Nearly half of all radiologists have been sued at least once, with women’s imaging and lung imaging cases among the most common liability claims, according to an article published in the October issue of the Journal of the American College of Radiology.
Despite the high odds of a radiologist being involved in a medical liability suit, the risk of adverse judgment or settlement is relatively low, explained authors Norman B. Thomson III, MD, of Georgia Health Sciences University, and Mohini Patel, JD, of Dickason Law Group, both in Augusta, Ga.
The authors cited a survey from 2008 which showed that 47 percent of radiologists had been sued. This is slightly higher than the average of 42 percent for all physicians surveyed, but well below physicians working in obstetrics and gynecology or general surgery, specialties where over 69 percent of physicians have been involved in claims.
Half of radiology claims were due to errors in diagnosis, according to Thomson and Patel. Breast cancer, lung cancer and non-displaced spinal fractures were the most common conditions associated with “failure to diagnose” claims.
“These conditions are associated with dire consequences for patients if not diagnosed and treated early, are more likely to result in large judgments or settlements, and therefore are more likely to be pursued and brought to suit by the plaintiff's bar,” wrote the authors, who advised radiologists to pay special attention to breast, lung and spinal imaging studies.
Another major component of adverse claims against radiologists are communication failures, which were implicated in 30 percent of adverse claims involving radiologists in another study cited by Thomson and Patel. Despite widespread distribution of American College of Radiology communication guidelines, they noted that claims data from MAG Mutual Insurance Company, a medical liability insurer, indicate that suits related to communication failure are becoming more frequent.
Overall, the vast majority of medical liability suits are resolved without an adverse judgment against the defendant, according to the authors. Data from the Physician Insurers Association of America showed 65 percent of medical liability suits are dropped, dismissed or withdrawn, 25.7 percent are settled, 4.5 percent go to alternative dispute resolution and 5 percent go to trial. Of the cases that are tried, 90 percent are won by the defendant.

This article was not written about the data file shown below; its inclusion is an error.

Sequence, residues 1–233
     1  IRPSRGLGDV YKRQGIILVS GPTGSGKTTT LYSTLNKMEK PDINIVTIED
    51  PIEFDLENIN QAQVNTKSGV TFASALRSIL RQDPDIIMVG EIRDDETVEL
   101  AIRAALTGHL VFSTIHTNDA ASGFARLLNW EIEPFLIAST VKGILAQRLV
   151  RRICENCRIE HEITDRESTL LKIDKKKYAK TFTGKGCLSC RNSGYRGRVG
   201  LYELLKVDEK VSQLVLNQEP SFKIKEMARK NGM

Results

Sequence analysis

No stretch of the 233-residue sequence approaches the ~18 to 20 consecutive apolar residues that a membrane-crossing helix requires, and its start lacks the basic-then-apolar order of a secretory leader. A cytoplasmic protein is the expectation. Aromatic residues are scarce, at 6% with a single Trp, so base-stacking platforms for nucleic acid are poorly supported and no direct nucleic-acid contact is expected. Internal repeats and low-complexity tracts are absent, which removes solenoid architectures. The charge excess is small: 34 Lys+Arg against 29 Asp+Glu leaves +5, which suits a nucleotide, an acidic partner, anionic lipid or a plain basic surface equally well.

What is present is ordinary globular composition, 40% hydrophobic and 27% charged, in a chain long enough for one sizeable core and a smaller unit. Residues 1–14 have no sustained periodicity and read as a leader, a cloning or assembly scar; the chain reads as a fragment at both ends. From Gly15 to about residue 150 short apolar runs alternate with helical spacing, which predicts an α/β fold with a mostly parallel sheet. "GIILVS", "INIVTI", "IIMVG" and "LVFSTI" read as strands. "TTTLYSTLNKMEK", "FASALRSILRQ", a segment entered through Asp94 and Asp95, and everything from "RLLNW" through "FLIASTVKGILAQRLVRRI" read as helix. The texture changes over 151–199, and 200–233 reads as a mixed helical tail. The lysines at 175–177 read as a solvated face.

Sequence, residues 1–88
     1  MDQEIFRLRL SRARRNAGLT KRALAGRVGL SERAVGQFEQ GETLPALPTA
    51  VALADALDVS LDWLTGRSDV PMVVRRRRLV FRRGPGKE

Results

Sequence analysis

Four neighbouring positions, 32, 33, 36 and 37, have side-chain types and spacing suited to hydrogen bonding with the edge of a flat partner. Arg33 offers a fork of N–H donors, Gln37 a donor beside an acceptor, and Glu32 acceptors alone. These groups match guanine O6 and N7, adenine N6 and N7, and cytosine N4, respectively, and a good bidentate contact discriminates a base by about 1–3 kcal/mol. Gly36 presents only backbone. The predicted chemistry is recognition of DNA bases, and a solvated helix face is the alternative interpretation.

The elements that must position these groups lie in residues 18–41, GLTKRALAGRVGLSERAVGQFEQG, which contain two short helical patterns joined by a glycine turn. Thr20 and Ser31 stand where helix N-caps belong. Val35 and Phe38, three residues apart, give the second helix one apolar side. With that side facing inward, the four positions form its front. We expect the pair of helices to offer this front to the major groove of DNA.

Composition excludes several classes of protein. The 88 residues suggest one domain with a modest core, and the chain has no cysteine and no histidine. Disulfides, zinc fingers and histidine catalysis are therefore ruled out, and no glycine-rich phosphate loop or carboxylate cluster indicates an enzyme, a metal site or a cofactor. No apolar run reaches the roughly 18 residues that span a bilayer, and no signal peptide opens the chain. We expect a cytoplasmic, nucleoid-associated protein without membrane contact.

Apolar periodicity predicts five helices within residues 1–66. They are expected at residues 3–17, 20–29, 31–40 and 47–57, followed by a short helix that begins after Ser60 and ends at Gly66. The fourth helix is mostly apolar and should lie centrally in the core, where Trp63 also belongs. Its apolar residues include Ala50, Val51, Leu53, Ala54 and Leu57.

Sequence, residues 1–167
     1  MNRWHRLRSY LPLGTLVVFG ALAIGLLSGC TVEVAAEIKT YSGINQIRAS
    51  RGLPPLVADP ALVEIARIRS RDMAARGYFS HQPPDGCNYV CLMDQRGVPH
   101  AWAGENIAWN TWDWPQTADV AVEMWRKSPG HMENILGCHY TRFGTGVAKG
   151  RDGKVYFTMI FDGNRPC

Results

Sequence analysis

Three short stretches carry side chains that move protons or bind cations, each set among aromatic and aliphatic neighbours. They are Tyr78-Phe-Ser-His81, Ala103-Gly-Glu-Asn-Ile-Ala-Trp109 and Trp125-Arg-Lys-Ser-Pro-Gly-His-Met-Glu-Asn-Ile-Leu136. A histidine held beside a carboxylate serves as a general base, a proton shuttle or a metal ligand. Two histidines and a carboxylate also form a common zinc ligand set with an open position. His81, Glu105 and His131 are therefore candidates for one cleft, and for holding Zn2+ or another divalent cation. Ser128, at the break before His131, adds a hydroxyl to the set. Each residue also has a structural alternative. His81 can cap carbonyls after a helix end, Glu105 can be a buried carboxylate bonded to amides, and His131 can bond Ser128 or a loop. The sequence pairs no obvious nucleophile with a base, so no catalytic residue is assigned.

While this might seem to ease the concerns of physicians, Thomson and Patel argued that the fear of litigation still encourages the overutilization of diagnostic testing and causes radiologists to hedge their reports in many cases. They also claimed the current tort system fails to meet its goal of encouraging appropriate care.
“Compensation is capriciously awarded and distributed. The majority of medical errors do not result in claims or compensation. Often, large awards are given to undeserving patients who have experienced significant complications, without negligent care.”
Efforts to reform the tort system, such as placing caps on damages to limit the amount of recovery the harmed party may receive, have encountered political and practical challenges, wrote the authors, though less traditional reform options have had some positive results in limited trials. “Disclosure-and-offer” programs, in which patients and families are quickly notified of adverse events and offered an explanation, an apology and compensation, if necessary, are one example of such an alternative reform.
“At the University of Michigan Health System, the disclosure program has reduced claims, lawsuits, and liability costs,” wrote Thomson and Patel. “The Agency for Healthcare Research and Quality demonstration projects will evaluate several variations of the disclosure model in different health care systems and states. These and similar programs may provide opportunities to improve patient and provider communication, reduce liability costs, and provide meaningful processes to improve health care quality and outcomes.”